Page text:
Turkey breaks up smuggling ring that brought thousands of migrants to Europe

Migrants in a dinghy paddle their way on the Mediterranean Sea to attempt crossing to the Greek island of Kos, as a Turkish Coast Guard ship patrols off the shores off Bodrum, Turkey. (File/Reuters)
Updated 29 May 2019

Turkey breaks up smuggling ring that brought thousands of migrants to Europe

ISTANBUL: Turkish police said on Wednesday they had detained the leaders of what they called Europe’s biggest people-smuggling ring, which helped thousands of irregular immigrants reach Europe from the Middle East.
Twenty people, including ringleader Akbar Omar Tawfeeq, were detained in operations in four Turkish provinces after a year-long investigation into the organization, Istanbul police said.
The network mainly helped Afghan, Iraqi and Syrian nationals cross into European countries from Turkey by land and sea, police said, adding that the group had also worked with other smuggling groups in Ukraine, Italy and Greece.
As part of the operations, police detained 569 irregular immigrants and seized six vehicles and six boats, they said in a statement. The smuggling group, whose leaders are mainly from northern Iraq, earned an average 2 million euros annually.
Video footage released by police showed special operations police breaking down the door of the suspects’ residence and seizing phones, drugs and digital material.
More than a million migrants and refugees, many fleeing conflict and poverty in the Middle East and Africa, arrived in the European Union in 2015. Turkey was one of the main launch points for the dangerous sea leg of their journey, on which thousands died.
Numbers declined sharply in the following year when Turkey, in exchange for 3 billion euros in European Union aid and a promise to ease visa restrictions for Turks, began to exert more control on migrants trying to cross to Europe via its territory.
Overall Mediterranean arrivals to the European Union, including migrants making the longer and more perilous crossing from north Africa to Italy, stood at 172,301 in 2017, down from 362,753 in 2016 and 1,015,078 in 2015, according to UN data.


Former finance minister Mohammad Safadi put forward to be next Lebanese PM

Updated 15 November 2019

Former finance minister Mohammad Safadi put forward to be next Lebanese PM

BEIRUT: Three major Lebanese parties have agreed on nominating Mohammad Safadi, a former finance minister, to become prime minister of a new government, the Lebanese broadcasters LBCI and MTV reported on Thursday.
The agreement was reached in a meeting on Thursday between outgoing Prime Minister Saad Al-Hariri, Lebanon’s leading Sunni politician, and senior representatives of the Shiite groups Amal and Hezbollah.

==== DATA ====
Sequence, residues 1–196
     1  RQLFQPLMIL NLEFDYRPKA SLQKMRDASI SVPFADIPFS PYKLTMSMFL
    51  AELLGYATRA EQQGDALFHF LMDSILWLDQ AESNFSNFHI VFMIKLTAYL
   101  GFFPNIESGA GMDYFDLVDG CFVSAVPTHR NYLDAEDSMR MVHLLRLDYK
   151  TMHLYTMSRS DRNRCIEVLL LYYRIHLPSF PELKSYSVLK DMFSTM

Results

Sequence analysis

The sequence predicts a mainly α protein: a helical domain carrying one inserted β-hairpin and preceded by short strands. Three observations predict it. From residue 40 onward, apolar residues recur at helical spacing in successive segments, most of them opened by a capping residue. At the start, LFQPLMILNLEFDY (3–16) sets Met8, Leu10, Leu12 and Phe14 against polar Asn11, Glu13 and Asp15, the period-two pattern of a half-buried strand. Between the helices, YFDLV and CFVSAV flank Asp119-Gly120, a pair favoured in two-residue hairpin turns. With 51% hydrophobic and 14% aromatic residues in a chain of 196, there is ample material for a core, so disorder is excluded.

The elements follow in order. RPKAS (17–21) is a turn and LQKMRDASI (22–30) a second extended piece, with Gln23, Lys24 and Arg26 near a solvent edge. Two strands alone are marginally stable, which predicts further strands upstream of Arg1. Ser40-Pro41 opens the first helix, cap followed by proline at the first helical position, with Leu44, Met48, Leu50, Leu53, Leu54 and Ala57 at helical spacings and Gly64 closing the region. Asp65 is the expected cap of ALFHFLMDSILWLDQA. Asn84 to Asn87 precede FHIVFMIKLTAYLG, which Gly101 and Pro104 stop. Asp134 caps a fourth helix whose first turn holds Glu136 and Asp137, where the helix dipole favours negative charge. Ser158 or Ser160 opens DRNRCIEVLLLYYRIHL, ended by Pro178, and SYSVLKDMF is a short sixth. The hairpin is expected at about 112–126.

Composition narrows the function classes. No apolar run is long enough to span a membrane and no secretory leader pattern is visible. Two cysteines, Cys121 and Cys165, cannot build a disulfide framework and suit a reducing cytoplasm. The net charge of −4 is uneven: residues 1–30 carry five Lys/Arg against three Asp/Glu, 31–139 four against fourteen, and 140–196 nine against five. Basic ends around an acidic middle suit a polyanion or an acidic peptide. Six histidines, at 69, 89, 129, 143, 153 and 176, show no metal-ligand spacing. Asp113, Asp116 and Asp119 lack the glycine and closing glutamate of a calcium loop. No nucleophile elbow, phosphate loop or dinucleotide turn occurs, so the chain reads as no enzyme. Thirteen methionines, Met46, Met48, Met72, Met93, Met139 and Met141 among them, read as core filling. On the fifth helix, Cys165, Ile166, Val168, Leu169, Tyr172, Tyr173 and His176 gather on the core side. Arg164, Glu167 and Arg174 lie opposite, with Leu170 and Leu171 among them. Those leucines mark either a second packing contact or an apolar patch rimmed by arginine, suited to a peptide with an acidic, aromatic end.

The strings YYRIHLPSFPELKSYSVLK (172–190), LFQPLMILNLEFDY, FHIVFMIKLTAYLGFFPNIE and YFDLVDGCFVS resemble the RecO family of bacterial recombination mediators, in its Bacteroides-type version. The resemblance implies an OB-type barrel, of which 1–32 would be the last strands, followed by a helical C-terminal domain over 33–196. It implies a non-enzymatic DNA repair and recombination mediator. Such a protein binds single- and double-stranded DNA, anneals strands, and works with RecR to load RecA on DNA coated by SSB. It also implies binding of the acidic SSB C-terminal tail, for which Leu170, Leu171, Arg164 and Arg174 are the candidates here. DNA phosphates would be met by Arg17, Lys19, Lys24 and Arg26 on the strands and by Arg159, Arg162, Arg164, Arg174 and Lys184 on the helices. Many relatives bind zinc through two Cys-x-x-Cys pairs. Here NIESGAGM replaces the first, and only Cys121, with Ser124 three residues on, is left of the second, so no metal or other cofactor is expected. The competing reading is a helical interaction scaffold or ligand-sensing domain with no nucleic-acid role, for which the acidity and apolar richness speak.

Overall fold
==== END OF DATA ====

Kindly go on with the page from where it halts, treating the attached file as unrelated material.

There was no official comment from the parties or Safadi. The broadcasters did not identify their sources.
Hariri quit as prime minister on Oct. 29 in the face of an unprecedented wave of protests against ruling politicians who are blamed for rampant state corruption and steering Lebanon into its worst economic crisis since the 1975-90 civil war.
Hariri remains caretaker prime minister for now.
Since quitting, Hariri, who is aligned with the West and Gulf Arab states, has been holding closed-door meetings with parties including the Iran-backed Hezbollah, which had wanted him to be prime minister again.
Lebanon’s prime minister must be a Sunni Muslim according to the country’s sectarian power-sharing system.
Mustaqbal Web, a Hariri-owned news website, said a meeting between Hariri, Ali Hassan Khalil of the Amal Movement and Hussein Al-Khalil of Hezbollah had discussed recommending Safadi for the post.
MTV said the government would be a mixture of politicians and technocrats. Mustaqbal Web said the type of government was not discussed, and neither was the question of whether Hariri’s Future Movement would be part of the Cabinet.
LBCI said the Free Patriotic Movement, a Christian party allied to Hezbollah, had also agreed to Safadi’s nomination.
They did not identify their sources.
Safadi is a prominent businessman and member of parliament from the northern city of Tripoli. He served previously as finance minister from 2011-2014 under prime minister Najib Mikati.
Prior to that, he served as minister of economy and trade in the government of Prime Minister Fouad Siniora, who was backed by the West. He held that post again in the Hariri-led Cabinet that took office in 2009.
Hariri had said he would only return as prime minister of a Cabinet of specialist ministers which he believed would be best placed to win international aid and steer Lebanon out of its economic crisis, sources close to Hariri have said.